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Saturday, July 11, 2020

Local Preservation Org Helps Restore North Carolina's First Prince Hall Masonic Hall



by Christopher Hodapp

The historic home of North Carolina's first African-American Masonic lodge, King Solomon Lodge No. 1 (PHA) in New Bern, is being restored to its Civil War-era appearance, thanks to local community leaders, donations and grants.



The lodge's 1870 Masonic hall, originally known as Drayton Hall, has been in distressed condition for several years. A fire in 2005 caused major damage to the structure, and since then the elements have not been kind to it. Now the New Bern Preservation Foundation is helping to raise money for the project and aiding in its restoration, and nearly $90,000 has been raised so far. The building has been continuously used as a Masonic lodge and meeting hall since it was built, and it is one of the very few structures north of Queen Street in New Bern to survive a massive, devastating fire in 1922. After the fire, the hall was actually moved several blocks to its current location.

Phase One of the project concentrates on stabilizing the building, with a new roof, new siding, historically recreated windows, restoration of the rooftop cupola, and replacement of the period-incorrect cinder block foundation.



King Solomon Lodge 1 was one of the first African-American lodges south of the Mason-Dixon Line descended out of Prince Hall's African Lodge in Massachusetts. The lodge was issued a charter by the 'National Compact' (PHO) Grand Lodge of New York in 1865 as King Solomon Lodge 23, and their Hall was named after Paul Drayton, Grand Master of the National Compact from 1862-65. In 1870, four lodges of black Masons chartered in North Carolina withdrew from the Compact and established the present Most Worshipful Prince Hall Grand Lodge of North Carolina (PHA). King Solomon Lodge was renumbered as No. 1 under the new grand lodge, and all four of their founding lodges are still active today.

With about 10,000 members today, North Carolina is believed to have the second largest membership of Prince Hall Masons anywhere (after Georgia). Over the years they have chartered more than 850 lodges, in the U.S. and in foreign countries, and almost 300 are still active today.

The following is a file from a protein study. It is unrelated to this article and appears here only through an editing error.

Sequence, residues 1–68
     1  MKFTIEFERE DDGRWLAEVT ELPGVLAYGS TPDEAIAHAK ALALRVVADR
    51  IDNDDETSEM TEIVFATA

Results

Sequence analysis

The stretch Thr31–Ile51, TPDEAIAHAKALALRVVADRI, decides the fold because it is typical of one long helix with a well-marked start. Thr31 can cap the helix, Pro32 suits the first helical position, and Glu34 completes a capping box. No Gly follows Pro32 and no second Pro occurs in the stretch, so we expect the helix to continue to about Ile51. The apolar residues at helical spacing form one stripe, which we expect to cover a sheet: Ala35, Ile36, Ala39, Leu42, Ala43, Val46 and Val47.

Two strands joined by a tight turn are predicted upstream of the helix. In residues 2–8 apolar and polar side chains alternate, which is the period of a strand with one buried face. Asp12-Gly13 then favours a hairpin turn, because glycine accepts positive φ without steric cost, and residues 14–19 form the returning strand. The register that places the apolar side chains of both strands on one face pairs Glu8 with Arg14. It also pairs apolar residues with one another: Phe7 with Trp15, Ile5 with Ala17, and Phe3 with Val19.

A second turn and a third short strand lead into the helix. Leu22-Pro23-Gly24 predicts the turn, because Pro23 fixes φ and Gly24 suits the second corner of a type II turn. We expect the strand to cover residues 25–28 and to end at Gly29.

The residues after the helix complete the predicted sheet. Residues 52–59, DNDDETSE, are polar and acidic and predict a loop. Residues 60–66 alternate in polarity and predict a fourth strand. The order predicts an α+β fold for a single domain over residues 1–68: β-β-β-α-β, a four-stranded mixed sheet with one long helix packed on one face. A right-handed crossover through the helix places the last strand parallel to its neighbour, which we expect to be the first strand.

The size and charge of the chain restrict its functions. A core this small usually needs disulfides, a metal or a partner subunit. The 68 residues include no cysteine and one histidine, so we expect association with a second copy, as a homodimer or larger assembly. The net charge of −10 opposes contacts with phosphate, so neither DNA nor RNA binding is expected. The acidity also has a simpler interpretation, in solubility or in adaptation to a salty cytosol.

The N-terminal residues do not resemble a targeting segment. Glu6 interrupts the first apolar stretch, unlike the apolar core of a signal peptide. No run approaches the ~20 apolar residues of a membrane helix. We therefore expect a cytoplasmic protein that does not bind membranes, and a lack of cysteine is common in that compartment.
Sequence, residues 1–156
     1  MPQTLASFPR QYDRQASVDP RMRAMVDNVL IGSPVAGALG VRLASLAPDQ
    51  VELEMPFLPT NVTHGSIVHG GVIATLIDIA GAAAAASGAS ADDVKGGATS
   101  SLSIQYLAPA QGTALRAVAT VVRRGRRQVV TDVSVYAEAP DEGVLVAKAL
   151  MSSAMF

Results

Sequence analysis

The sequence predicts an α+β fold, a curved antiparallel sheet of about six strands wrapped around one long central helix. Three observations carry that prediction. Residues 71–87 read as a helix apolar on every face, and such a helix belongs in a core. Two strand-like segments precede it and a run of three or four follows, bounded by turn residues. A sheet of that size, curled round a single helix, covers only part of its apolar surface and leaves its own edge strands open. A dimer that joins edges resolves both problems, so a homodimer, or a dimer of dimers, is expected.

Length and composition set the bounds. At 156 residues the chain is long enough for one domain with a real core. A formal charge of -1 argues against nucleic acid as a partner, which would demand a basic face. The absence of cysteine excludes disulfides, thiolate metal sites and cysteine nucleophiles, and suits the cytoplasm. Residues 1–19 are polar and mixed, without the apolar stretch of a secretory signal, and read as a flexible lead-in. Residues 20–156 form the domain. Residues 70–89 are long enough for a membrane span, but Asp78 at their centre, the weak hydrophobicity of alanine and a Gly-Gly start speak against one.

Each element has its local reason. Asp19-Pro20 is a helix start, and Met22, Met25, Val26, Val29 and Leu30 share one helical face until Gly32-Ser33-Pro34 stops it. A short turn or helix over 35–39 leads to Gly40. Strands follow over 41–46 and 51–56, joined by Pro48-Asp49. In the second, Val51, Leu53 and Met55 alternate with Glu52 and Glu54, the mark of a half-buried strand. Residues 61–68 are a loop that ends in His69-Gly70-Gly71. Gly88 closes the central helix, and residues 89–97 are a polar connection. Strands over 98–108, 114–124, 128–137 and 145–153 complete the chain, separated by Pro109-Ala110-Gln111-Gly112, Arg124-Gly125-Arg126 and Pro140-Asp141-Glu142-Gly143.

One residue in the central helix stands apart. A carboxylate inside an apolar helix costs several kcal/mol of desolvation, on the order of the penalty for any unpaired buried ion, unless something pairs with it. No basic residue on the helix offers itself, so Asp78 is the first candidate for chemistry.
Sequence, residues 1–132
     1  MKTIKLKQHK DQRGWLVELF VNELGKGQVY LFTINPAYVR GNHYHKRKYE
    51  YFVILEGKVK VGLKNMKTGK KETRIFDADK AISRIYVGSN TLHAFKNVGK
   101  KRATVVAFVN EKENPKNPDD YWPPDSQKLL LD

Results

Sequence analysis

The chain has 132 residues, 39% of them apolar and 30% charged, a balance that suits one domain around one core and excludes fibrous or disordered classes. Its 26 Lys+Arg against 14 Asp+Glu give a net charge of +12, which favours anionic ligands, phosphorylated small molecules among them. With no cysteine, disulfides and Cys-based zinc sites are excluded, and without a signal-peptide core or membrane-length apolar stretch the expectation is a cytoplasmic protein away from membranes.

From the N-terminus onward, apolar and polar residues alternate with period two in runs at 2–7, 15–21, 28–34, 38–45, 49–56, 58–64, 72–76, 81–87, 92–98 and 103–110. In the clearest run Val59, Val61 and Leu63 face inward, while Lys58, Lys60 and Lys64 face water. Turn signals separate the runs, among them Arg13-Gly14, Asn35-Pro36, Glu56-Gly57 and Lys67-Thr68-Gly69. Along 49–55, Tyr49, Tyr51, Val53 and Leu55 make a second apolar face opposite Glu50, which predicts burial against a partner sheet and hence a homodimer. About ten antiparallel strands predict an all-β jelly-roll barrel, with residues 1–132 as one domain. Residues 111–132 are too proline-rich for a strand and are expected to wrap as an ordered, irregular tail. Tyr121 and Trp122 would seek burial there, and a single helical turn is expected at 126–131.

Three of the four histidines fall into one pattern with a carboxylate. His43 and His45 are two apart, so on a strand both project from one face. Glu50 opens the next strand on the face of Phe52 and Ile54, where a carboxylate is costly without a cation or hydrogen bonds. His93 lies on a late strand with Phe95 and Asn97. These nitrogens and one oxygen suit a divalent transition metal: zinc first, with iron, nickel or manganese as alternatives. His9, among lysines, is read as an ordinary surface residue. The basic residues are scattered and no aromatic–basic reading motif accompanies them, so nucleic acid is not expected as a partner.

This project is a perfect example of a lodge and the community uniting to preserve and protect the heritage of Freemasonry and its legacy. 

Our historic temples and halls must not be looked upon as white elephants and money sumps to be abandoned by our members.  Look into the history of the founding of your town and you'll likely find the Masons have been there from the start. Historic preservation organizations recognize the importance of our fraternity to the development of towns and cities everywhere. 


“This is a vitally important historic structure not only to New Bern but to the entire state," said Tim Thompson, current President of the New Bern Preservation Foundation."Its architecture is important along with its historic and cultural significance... This is one of the few buildings in New Bern that we know was built by African American craftsmen and used by the African American community leaders who became state legislators and U. S. Congressmen.”

Past members of King Solomon Lodge have included James O’Hara, legislator and Congressman; Henry P. Cheatham, Congressman; and George H. White, legislator and Congressman.

Consider that Masonic lodges and our halls have been the center of civic and cultural life in thousands of communities across the country for more than two centuries. They can and should be again today. When the Master of King Solomon Lodge was interviewed about the project, he said, "The vision of making good men and women better as well as cultivating young minds for the future is of the utmost importance.”

Amen, my Brother. Amen. Now more than ever.

For more about the restoration project or to donate, CLICK HERE.

The New Bern Preservation Foundation is a 501(c)(3) non-profit, formed in 1972 to preserve the historic architecture of New Bern, North Carolina. Questions about the project can be directed by calling the NBPF office at 252-633-6448 or by emailing NBPFinfo@gmail.com.

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